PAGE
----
Unfortunately, Agents Of S.H.I.E.L.D. has invested heavily in the character of Skye and, sadly, through “Seeds,” she is arguably the least interesting character on the show. When it focuses on the plot in which Skye is involved, the show becomes remarkably predictable and somewhat stupid. When Ward meets with a cadet over pool, she makes a comment about being good “for a girl,” which seems juvenile. The line might play well with a general audience, but anyone who thinks about what the Academy is supposed to be it plays poorly; it’s a stupid line that dumbs down the concept of S.H.I.E.L.D. agents. When Coulson tells Skye about the Agent who dropped her at St. Agnes as a baby, the show treads into melodrama and Chloe Bennet’s somewhat limited performance range makes the moment suffer. Skye breaks down crying, which seems like all Bennet can handle as opposed to the writers giving her compelling dialogue to deliver during the scene. Part of that is not Bennet’s fault, but there is something impotent about the scene, which could have packed a real emotional punch for fans of Agents Of S.H.I.E.L.D..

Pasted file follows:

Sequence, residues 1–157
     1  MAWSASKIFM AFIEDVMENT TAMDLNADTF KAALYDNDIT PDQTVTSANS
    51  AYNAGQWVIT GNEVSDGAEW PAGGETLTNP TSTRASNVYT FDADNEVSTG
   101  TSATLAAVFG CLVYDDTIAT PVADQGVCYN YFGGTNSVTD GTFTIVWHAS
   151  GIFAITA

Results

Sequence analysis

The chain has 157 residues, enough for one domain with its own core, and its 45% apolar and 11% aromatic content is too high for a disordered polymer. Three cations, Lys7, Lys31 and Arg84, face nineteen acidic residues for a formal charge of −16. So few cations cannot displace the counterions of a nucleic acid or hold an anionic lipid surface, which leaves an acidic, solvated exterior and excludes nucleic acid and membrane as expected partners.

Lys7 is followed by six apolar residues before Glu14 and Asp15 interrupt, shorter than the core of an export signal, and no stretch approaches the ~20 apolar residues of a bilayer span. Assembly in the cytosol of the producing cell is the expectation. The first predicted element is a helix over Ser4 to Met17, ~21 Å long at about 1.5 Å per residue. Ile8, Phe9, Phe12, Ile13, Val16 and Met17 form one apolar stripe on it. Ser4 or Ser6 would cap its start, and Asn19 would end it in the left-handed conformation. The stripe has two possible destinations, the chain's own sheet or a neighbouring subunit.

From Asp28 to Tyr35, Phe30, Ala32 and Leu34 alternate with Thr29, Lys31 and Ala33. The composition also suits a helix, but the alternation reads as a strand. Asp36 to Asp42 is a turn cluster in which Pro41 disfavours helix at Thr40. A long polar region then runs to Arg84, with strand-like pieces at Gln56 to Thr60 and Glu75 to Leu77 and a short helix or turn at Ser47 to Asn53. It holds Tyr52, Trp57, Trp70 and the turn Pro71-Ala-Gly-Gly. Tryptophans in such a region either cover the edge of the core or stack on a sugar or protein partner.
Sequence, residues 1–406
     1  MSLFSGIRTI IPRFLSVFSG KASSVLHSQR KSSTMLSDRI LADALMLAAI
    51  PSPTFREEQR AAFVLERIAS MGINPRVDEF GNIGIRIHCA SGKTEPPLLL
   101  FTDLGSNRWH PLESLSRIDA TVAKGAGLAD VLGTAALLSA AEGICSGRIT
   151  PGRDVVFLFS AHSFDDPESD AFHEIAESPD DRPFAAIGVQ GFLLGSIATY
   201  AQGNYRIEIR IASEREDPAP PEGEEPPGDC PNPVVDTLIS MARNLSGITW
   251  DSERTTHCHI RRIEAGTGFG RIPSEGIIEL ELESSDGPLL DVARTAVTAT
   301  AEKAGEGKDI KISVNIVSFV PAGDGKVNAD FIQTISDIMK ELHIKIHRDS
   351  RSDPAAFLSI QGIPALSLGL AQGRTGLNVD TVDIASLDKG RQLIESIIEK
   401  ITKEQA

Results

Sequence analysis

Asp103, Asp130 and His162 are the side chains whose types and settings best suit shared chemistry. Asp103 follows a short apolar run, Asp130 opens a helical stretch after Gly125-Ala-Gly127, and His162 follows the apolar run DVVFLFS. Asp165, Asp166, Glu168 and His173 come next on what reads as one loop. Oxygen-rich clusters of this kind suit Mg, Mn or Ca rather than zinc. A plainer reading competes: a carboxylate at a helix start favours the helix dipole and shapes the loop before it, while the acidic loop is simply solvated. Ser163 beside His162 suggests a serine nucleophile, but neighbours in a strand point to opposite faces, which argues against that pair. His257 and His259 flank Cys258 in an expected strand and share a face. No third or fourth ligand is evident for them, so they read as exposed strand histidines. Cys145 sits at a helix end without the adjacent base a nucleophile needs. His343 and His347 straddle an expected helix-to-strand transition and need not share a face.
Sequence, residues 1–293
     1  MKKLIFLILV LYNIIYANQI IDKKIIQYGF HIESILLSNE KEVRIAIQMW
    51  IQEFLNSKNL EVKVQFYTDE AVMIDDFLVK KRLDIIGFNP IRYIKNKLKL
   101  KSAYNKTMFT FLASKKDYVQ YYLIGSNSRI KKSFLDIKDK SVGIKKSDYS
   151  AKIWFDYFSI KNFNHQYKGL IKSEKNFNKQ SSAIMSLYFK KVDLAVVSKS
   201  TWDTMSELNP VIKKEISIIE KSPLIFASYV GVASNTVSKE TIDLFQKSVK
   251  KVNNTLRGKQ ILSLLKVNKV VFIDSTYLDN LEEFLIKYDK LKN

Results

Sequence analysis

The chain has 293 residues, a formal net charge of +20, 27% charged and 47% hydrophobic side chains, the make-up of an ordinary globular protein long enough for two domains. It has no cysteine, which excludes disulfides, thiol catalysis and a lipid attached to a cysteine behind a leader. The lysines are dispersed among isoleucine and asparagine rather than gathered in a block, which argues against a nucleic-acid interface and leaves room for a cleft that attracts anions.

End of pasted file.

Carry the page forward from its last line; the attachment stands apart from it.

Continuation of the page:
On the plus side, May and Coulson’s relationship is defined better in “Seeds” and their time on screen is compelling and interesting. Coulson is having an existential crisis and early in the episode, he and May talk about disappearing – which is played off Lumley because he has managed to stay off the grid for years. Ming-Na Wen once again gives a great performance as May when Coulson declares he is tired of secrets. Moments before May confesses her relationship with Ward to Coulson, Wen telegraphs the move with her performance. Wen brilliantly emotes with her eyes and facial expressions the thought process May goes through and without a word, she lets the viewer know how deeply May cares for Coulson.